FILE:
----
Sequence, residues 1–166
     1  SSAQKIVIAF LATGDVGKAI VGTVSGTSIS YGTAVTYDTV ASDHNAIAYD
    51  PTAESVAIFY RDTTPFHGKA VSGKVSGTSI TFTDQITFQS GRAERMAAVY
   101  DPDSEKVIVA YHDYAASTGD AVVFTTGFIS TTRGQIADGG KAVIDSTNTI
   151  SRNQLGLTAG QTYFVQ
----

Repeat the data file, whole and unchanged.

Sequence, residues 1–166
     1  SSAQKIVIAF LATGDVGKAI VGTVSGTSIS YGTAVTYDTV ASDHNAIAYD
    51  PTAESVAIFY RDTTPFHGKA VSGKVSGTSI TFTDQITFQS GRAERMAAVY
   101  DPDSEKVIVA YHDYAASTGD AVVFTTGFIS TTRGQIADGG KAVIDSTNTI
   151  SRNQLGLTAG QTYFVQ